As Mad Men returns after a 17-month hiatus, fans of the series eagerly await the news: Will ad man Don Draper’s impetuous engagement to his secretary, Megan, produce a happy marriage? Is there a future for lonely-heart copywriter Peggy Olson with her new leftie boyfriend? How will coronary-prone partner Roger Sterling react if he finds out office manager and chief bombshell Joan Harris did not abort his baby? Will Joan’s husband survive Vietnam – and will the agency survive the loss of top client Lucky Strike?
To be sure, these are the kinds of burning narrative questions that drive any prime-time soap, but in this case the audience’s ignorance carries real thematic weight: On Mad Men, everything turns on who knows what. The show’s plot is based on secrets; its theme is dawning knowledge.
In a taut series pilot that instantly captivated audiences and critics back in 2007, creator Matthew Weiner delivered a bitterly pointed surprise ending. We had followed Don through two days at the agency, punctuated by an evening with a girlfriend in a Manhattan loft, and another date with a female client before finally, at the end of it all, we watched with shocked realization as he took the train back to the suburban home where his wife and children lay sleeping. The hollowness and mendacity of his life, to be examined again and again in the series, was initially delivered as a brilliant sucker punch.
Most of the time, however, Weiner builds dramatic tension with the reverse device: the audience’s knowledge of information of which the characters are unaware. “Look out behind you!” we want to yell at the ad men as they smoke, drink and fornicate their way to cancer, cirrhosis and divorce.
Weiner greatly enlarges that classic device, however, turning it into a vehicle for social and historical critique. The show derives much of its exquisite tension from the audience’s knowledge that everything from smoking bans to the JFK assassination are coming down the pipe. Sometimes, he turns the device into a little ironic joke, merely winking at his viewers: Without benefit of seatbelts, Don’s giggling children are flung around the car when their distracted mother, Betty, drives off the road. Sometimes, he uses our foreknowledge as a frame through which we see a character: The solution to Peggy’s and Joan’s many struggles is feminism.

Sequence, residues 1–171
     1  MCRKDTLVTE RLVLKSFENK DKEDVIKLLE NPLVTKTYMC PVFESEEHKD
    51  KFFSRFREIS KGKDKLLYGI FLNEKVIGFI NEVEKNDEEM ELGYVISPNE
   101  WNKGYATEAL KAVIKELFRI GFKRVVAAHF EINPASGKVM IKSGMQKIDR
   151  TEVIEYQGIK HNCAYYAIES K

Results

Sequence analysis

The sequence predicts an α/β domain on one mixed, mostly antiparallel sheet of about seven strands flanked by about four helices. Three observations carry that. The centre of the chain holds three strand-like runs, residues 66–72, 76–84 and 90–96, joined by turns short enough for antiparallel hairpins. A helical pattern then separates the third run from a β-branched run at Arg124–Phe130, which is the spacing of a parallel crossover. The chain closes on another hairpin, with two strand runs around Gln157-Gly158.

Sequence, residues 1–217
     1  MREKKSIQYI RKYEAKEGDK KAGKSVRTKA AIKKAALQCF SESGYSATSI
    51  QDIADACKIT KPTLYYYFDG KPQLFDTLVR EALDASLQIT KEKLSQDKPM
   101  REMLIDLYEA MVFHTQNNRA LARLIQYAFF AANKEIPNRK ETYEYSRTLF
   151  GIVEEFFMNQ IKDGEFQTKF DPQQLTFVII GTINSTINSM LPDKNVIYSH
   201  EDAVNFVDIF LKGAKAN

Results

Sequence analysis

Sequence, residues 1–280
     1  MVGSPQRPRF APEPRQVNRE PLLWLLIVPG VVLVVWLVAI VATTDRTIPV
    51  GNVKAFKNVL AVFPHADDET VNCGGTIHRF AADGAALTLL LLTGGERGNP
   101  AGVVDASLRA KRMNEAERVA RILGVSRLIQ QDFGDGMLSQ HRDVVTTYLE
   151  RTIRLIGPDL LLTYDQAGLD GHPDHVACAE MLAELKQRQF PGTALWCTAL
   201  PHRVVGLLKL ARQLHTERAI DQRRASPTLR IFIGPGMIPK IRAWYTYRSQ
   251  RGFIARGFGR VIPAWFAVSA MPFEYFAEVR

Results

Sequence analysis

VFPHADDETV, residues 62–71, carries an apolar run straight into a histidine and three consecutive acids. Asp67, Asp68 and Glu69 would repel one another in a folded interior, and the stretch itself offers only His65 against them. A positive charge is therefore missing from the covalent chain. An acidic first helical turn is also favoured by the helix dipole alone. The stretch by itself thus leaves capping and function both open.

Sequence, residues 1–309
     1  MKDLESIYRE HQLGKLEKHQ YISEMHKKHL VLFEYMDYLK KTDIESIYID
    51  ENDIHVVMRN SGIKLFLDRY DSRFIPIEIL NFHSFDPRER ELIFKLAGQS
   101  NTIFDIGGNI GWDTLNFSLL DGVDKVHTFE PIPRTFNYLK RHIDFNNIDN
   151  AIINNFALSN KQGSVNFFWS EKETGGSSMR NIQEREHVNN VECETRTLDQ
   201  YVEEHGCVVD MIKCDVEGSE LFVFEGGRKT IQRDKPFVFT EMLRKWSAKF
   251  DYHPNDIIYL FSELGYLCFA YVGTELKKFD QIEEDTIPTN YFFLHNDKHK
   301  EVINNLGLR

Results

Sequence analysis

It’s a device that intensifies our sympathy: What contemporary working woman doesn’t long to tell the ambitious Peggy, as she chafes at her colleagues’ sexism, that history is on her side? Still, our awareness gives us the big picture, not the fine detail. We do not know what Joan and Peggy will become when the door of their cage is finally sprung open.
Perhaps we will begin to find out in Season 5 (expected to be set in 1966 or 1967), along with discovering whether Don can live his true identity. That is, of course, the biggest skeleton in the closet, revealed at the end of the first season: Don Draper is actually Dick Whitman. He grew up illegitimate and dirt poor on a farm before serving in the Korean War, where he took over a dead officer’s dog tags and identity as a means to escape both a painful past and further service.